15858717983_843abe09bc_zDON’T ASK ME TO SPELL IT OUT: STORIES
March 2015
WhiskeyPaper Press

Paperback | 40 pages

Print: WhiskeyPaper Press

A great storm and its effect on a young family; a woman with a rifle in a barren landscape; boys discovering the world of possibility in online sexuality; a couple at a scenic overlook, their relationship at the verge of dissolution. Each story in Don’t Ask Me to Spell It Out is a sliver of time pulled from the life of a young man, each a fragment of feeling, each a pivotal intersection of relationships. They are stories about the desperation of trying to fit in and find a kindred, to understand the elusive essence of love in all forms, to fill a void of solitude that only seems to grow as we do. They navigate the mysteries of relationships between men and women, of family and geography, and find a recurring theme of abject longing throughout.

(Spotify playlist)

Background on the story “Frans”
Background on stories “Doing the Thing” and “Claude”


Robert James Russell’s voice is full of the Midwest, full of the odd mix of modesty and boastfulness, the hard rough luck and unlikely grace that characterizes this part of the country. His young narrators, unsure of themselves and their place in the world, help us navigate through our own uncertainty.  —Amber Sparks, author of May We Shed These Human Bodies

Don’t Ask Me to Spell It Out takes flight in the jagged chasm between who we are and who we want to be, starkly illustrating how we love, and lose, only to re-build ourselves again.  —Ben Tanzer, author of Orphans and Lost in Space

In this sharp, deft collection of stories, Robert James Russell describes moments and encounters so seemingly everyday that it’s almost too late when we notice—amid their quiet claustrophobia—the lines of tripwire. His narrators take the backward view in order to see ahead, feeling along the edges of relationships and memories to make sense of where these young men must go next, go now. Everywhere is the melancholy of past loves, near-loves, and no love—beauty in the most aching sense.  —Adam Schuitema, author of the collection Freshwater Boys and the forthcoming novel Haymaker

Simply put, they don’t make them like Robert James Russell anymore. Witness here the craft of a master. Crisp, fine-tuned stories that milk every bit of meaning and power out of the words while still managing to touch and move the reader. We’re lucky to have him, so consume these works greedily and then do it all over again.  —Jared Yates Sexton, author of An End to All Things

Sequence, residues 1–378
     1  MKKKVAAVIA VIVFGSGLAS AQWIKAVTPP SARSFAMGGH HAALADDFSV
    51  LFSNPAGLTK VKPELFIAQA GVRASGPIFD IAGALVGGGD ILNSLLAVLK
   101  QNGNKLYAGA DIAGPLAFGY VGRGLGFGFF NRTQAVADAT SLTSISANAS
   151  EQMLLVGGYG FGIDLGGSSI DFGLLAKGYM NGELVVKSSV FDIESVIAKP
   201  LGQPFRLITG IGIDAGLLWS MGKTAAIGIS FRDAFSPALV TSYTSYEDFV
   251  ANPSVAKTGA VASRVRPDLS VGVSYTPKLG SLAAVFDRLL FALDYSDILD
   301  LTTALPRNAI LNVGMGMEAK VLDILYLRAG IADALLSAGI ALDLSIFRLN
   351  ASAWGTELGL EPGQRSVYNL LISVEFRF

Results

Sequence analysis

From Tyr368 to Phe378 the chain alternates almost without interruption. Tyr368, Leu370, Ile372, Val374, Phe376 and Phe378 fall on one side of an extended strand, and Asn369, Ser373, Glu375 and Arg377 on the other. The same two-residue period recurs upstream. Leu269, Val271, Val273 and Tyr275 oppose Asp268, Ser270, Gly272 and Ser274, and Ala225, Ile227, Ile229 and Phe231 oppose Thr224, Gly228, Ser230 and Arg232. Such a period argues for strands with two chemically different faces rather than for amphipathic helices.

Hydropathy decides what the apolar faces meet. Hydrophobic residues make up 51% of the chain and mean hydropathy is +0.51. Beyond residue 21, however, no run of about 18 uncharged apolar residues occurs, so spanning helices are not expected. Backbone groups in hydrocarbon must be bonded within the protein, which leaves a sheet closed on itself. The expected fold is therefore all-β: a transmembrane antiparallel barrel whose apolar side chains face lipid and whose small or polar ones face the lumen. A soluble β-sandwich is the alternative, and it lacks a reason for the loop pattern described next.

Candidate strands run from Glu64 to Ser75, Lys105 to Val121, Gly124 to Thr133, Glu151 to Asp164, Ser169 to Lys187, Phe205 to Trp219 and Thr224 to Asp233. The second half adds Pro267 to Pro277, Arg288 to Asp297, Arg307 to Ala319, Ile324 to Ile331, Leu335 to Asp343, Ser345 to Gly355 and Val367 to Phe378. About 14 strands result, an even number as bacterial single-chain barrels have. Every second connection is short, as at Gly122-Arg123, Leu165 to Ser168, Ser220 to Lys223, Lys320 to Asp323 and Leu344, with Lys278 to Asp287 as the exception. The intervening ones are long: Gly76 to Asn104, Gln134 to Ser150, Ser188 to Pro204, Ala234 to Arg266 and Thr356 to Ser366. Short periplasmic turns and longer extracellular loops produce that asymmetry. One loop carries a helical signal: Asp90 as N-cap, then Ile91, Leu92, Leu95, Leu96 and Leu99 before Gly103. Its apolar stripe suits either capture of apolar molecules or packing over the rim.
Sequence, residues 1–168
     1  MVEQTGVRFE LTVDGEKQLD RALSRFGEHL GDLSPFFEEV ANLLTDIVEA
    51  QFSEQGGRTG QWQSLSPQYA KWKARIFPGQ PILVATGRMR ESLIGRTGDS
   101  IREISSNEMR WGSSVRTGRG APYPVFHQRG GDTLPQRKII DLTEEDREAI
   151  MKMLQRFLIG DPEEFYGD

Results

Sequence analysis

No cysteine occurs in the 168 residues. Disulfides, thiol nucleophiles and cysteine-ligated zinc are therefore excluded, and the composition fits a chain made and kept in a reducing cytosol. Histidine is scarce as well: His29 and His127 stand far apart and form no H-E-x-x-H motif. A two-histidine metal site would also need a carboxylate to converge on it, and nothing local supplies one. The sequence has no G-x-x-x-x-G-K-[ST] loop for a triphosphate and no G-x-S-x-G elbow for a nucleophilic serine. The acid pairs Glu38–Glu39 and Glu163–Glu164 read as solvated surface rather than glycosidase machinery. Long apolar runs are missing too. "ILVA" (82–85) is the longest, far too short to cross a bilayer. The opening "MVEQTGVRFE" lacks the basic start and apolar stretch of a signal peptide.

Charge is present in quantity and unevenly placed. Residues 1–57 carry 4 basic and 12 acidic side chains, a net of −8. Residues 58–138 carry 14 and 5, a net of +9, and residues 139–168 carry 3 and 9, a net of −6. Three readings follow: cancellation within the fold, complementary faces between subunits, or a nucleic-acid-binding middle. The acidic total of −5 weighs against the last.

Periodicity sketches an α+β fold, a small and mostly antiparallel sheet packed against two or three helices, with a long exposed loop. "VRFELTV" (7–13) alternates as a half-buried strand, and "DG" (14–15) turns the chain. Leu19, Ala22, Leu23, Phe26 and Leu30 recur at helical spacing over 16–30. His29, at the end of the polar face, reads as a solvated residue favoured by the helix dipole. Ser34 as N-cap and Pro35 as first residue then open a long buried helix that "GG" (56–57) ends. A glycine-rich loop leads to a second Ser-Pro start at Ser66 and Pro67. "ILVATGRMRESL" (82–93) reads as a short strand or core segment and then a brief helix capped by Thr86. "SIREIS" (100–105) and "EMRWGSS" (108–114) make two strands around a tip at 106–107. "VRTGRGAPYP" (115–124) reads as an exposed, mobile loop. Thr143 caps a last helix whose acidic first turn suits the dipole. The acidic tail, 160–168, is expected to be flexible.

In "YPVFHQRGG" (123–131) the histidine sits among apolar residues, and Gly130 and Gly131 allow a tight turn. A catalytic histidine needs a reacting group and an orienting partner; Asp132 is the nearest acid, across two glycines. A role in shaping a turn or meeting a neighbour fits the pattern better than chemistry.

Robert James Russell’s Don’t Ask Me to Spell It Out is a smart, beautiful collection of longing, restlessness, and ache. From the first page, where we learn his young narrator would “only eat the fried chicken skins peeled from nuggets” Russell’s keen eye for detail that is at once startling and revelatory is on display. With quiet precision and remarkable restraint, he offers his readers glimpses into the emotional lives of his characters: sons, neighbors, cousins, adolescent friends, young lovers. Throughout, his instincts are just so good. Like the collection’s title, Russell exhibits a deep understanding of the incredible power in what’s unsaid.  —Sara Lippmann, author of Doll Palace

These stories made me nostalgic… nostalgic for places I haven’t been, for people I’m glad are in my past, for cousins I never had, for a younger self that, at the time, I never could have believed I’d be nostalgic for. The characters throughout Don’t Ask Me are struggling…to relate to one another, to express themselves, to decipher what one another means, in both what is said and isn’t. Their relationships are over but they haven’t admitted it yet, or they’ve admitted it but they aren’t actually over, or they aren’t sure that what they’re in is even a relationship or not. They’re trying to figure things out and I was sucked in, equal parts trying to help guide them while also struggling to figure something out about myself.  —Aaron Burch, author of Backswing

Filled with the threat of love and violence, Robert James Russell’s stories work like a connect-the-dots of memory, capturing the moments that lead us into adulthood, selfhood, identity. These coming-of-age snippets—like short films of a spliced together life—capture the essential anecdotes in the lives of their narrators: how they learn desire; how they learn loss.  —Gerry LaFemina, author of Wish List and Clamor


“Russell’s collection especially shines when focusing on the details and particularities of the narrators.” —Brett Beach, Heavy Feather Review